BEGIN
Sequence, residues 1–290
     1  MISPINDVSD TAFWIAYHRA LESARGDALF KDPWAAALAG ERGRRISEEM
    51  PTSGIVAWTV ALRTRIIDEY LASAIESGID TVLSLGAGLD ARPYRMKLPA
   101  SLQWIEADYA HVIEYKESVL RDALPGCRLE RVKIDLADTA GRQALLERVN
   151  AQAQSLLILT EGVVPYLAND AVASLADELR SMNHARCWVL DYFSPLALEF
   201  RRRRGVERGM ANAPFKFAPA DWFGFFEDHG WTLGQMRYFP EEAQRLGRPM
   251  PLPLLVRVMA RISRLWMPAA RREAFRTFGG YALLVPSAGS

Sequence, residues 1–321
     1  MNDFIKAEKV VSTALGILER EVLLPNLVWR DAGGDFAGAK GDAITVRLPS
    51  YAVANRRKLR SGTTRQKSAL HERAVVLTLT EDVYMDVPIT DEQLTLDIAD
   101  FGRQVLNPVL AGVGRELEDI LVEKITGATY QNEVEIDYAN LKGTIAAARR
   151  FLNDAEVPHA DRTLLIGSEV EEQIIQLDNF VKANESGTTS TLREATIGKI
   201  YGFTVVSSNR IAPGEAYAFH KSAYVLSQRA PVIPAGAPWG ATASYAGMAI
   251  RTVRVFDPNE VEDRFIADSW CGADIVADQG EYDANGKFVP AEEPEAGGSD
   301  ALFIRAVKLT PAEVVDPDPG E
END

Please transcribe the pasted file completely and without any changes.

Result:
Sequence, residues 1–290
     1  MISPINDVSD TAFWIAYHRA LESARGDALF KDPWAAALAG ERGRRISEEM
    51  PTSGIVAWTV ALRTRIIDEY LASAIESGID TVLSLGAGLD ARPYRMKLPA
   101  SLQWIEADYA HVIEYKESVL RDALPGCRLE RVKIDLADTA GRQALLERVN
   151  AQAQSLLILT EGVVPYLAND AVASLADELR SMNHARCWVL DYFSPLALEF
   201  RRRRGVERGM ANAPFKFAPA DWFGFFEDHG WTLGQMRYFP EEAQRLGRPM
   251  PLPLLVRVMA RISRLWMPAA RREAFRTFGG YALLVPSAGS

Sequence, residues 1–321
     1  MNDFIKAEKV VSTALGILER EVLLPNLVWR DAGGDFAGAK GDAITVRLPS
    51  YAVANRRKLR SGTTRQKSAL HERAVVLTLT EDVYMDVPIT DEQLTLDIAD
   101  FGRQVLNPVL AGVGRELEDI LVEKITGATY QNEVEIDYAN LKGTIAAARR
   151  FLNDAEVPHA DRTLLIGSEV EEQIIQLDNF VKANESGTTS TLREATIGKI
   201  YGFTVVSSNR IAPGEAYAFH KSAYVLSQRA PVIPAGAPWG ATASYAGMAI
   251  RTVRVFDPNE VEDRFIADSW CGADIVADQG EYDANGKFVP AEEPEAGGSD
   301  ALFIRAVKLT PAEVVDPDPG E